The network season is over, and outside of the HBO Sunday night shows, Halt & Catch Fire (which is rebounding nicely), Inside Amy Schumer, and maybe the Showtime Sunday night series (meh), there hasn’t been a lot to watch on television lately (thank God Hannibal returned last night). One of the best midweek shows going right now, however, is Fox’s Wayward Pines, which comes from producer M. Night Shyamalan.
Don’t let Shyamalan’s name dissuade you from watching it, however, because Shyamalan didn’t write it (it’s actually based on a book series), and he’s neither the creator nor the showrunner. He directed the pilot episode, and that seems to be his only significant contribution to the series.
It’s a wildly enjoyable mystery show, though, and with only a 10-episode limited run, it’s not the kind of show where we’ll have to wait five seasons to find out what the big mystery is (in fact, previews suggest that the WTF twist may arrive next week, in episode 5, and the rest of the series will show how the townspeople of Wayward Pines are dealing with the “twist”).
If you’re not watching, here’s a very brief synopsis: Ethan Burke (Matt Dillon), a secret service agent, gets in a car crash in which his partner is killed, and he wakes up in the town of Wayward Pines, Idaho. He quickly realizes that he can’t leave the town; not only is he being discouraged from leaving, it’s physically impossible to do so (the entire town is surrounded by a mysterious wall that keeps people out). The townspeople are entirely comprised of people like Burke, who became stranded in the small town and were eventually forced to settle into new jobs and forget about their old lives (in fact, one of the major rules in the town is that the citizens are not allowed to talk about the past). If you break any of the rules, you will be executed and they do not screw around with second chances.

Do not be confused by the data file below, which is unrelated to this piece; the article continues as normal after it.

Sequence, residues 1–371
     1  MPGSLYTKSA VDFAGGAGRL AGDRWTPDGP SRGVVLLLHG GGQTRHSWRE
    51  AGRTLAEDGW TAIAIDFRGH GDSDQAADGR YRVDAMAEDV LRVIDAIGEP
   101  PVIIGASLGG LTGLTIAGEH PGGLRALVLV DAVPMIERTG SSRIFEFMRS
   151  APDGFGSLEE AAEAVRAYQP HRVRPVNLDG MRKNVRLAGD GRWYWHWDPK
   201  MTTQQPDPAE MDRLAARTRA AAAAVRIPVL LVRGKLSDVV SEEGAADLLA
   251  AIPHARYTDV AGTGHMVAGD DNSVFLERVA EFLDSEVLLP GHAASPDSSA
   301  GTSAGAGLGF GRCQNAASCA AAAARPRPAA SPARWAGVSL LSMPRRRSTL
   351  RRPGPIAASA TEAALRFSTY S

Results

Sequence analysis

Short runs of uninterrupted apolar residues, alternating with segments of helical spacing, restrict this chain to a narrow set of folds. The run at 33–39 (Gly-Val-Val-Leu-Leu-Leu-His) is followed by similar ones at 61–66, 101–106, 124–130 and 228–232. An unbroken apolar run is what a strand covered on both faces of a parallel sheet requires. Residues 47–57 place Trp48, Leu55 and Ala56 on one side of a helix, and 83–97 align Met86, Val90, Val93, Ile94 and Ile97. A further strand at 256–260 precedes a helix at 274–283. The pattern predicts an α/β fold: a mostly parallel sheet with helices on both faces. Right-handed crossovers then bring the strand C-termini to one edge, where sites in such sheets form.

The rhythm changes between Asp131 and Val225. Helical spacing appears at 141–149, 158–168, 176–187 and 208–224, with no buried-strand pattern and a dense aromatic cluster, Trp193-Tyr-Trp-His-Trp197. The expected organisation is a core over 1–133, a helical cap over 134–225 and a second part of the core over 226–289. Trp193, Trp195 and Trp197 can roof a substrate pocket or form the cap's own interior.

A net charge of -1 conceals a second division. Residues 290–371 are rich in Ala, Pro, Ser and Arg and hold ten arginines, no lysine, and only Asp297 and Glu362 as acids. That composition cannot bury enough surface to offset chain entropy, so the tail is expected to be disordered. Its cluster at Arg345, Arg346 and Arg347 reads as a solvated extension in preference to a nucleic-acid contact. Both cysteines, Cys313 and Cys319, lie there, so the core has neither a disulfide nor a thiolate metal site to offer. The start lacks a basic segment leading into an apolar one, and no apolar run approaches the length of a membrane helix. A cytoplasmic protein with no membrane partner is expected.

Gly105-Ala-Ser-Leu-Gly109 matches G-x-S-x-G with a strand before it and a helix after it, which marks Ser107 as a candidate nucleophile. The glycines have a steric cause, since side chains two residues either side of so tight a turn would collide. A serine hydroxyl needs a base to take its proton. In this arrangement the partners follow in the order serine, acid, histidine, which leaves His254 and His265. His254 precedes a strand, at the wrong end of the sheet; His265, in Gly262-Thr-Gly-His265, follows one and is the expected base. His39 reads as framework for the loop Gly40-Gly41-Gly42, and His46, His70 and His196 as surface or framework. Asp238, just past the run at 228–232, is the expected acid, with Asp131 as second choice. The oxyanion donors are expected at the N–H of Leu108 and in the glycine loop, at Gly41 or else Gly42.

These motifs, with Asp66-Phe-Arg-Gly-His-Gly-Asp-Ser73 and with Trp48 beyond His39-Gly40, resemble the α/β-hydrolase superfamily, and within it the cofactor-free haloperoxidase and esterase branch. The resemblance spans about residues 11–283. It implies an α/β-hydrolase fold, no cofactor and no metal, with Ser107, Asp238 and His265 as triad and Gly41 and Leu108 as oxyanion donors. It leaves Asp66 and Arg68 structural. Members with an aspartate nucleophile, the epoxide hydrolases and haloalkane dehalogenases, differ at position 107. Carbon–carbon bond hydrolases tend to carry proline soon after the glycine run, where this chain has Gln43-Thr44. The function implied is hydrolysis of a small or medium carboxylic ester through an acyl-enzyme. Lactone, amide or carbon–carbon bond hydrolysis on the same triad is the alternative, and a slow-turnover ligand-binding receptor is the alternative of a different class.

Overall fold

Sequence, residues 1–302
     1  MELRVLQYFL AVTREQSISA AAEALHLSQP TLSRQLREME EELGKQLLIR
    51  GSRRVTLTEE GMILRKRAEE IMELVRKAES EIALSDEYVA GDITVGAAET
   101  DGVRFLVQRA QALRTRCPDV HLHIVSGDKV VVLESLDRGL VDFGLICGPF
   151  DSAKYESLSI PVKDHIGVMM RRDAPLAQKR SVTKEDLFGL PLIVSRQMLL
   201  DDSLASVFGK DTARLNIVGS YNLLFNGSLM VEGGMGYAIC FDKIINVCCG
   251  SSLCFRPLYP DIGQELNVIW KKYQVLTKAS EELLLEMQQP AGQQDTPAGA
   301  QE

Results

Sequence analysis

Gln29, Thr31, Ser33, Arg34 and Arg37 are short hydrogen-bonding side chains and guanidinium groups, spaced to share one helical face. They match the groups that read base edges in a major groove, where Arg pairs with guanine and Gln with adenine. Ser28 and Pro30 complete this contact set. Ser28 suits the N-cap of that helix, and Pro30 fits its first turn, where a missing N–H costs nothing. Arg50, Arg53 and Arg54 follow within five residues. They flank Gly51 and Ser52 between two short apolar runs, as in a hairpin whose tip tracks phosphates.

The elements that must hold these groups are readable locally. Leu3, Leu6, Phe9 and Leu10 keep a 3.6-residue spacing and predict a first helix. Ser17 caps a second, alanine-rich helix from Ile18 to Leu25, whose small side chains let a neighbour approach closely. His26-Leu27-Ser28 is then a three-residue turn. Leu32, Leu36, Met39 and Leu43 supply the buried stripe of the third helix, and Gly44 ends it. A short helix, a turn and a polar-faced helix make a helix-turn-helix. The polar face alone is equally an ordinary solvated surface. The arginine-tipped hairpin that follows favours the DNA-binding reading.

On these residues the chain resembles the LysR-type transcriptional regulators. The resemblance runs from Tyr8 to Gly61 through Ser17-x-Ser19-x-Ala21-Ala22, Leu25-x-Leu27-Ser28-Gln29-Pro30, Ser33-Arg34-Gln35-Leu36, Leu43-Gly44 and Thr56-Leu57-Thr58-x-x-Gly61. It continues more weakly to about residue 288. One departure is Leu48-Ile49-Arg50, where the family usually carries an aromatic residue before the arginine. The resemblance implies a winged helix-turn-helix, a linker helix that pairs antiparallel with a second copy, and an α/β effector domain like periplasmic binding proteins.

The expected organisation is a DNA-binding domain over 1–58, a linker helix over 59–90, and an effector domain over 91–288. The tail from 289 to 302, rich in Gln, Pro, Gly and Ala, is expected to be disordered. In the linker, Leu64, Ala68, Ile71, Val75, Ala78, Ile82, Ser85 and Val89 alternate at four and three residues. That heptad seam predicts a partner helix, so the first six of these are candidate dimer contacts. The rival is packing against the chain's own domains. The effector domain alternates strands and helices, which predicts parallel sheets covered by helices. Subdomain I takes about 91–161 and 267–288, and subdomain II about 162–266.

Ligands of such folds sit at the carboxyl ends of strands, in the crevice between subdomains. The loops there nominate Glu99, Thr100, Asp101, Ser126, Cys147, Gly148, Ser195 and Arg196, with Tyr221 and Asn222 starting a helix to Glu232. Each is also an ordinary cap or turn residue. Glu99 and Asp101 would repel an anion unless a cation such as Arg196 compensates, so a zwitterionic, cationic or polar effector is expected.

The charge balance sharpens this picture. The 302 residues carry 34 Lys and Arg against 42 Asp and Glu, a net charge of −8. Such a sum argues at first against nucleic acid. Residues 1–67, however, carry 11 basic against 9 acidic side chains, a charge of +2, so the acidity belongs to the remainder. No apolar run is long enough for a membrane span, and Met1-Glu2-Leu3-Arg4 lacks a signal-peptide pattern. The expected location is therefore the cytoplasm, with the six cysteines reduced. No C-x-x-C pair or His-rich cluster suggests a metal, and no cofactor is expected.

We also know that someone or something is watching and listening to everything through hidden cameras, and that someone/something is apparently controlling who gets in. Mysteriously, there’s something weird going on with the timeline, as well. For instance, Kate Hewson (Carla Gugino), the secret service agent (and former mistress) of Burke, who Burke was sent to track down, has only been “missing” from the real world for several weeks, but she’s somehow been living in Wayward Pines for many years. We do not know who is controlling the town, and we do not know why.
It’s fun, and mysterious, and because I haven’t read the books, I don’t know what the hell is going on (though, because the books do exist, I won’t make a fool of myself by trying present any theories). However, there’s at least one thing I don’t have to worry about, and that is — as some have suggested — that the townspeople are already dead, or that they have been dead all along.
They are not. I don’t know if the ending will ultimately be satisfying or if the twist will be moronic, but the people behind the show want everyone to know that they are not already dead.
In fact, Shyamalan only agreed to do the show on the condition that the reveal wouldn’t be “they were dead all along,” via IGN:
That’s a story I’m not interested in telling. If the answer is, everyone’s having a surreal experience because they’ve all passed away or something, that’s not interesting to me — especially me doing it. It’s not for me.
Chad Hodge, the showrunner/writer reinforced it in an interview with NPR: “They’re not all dead,” he said.
So, no: There will be no Sixth Sense ending. Wayward Pines is not a purgatory. We can also safely assume that it’s not a coma dream.
I just hope that the people who have died so far continue to remain dead, so we don’t have a Ryan Murphy problem, either.
Either way, I’m really excited for next week’s episode.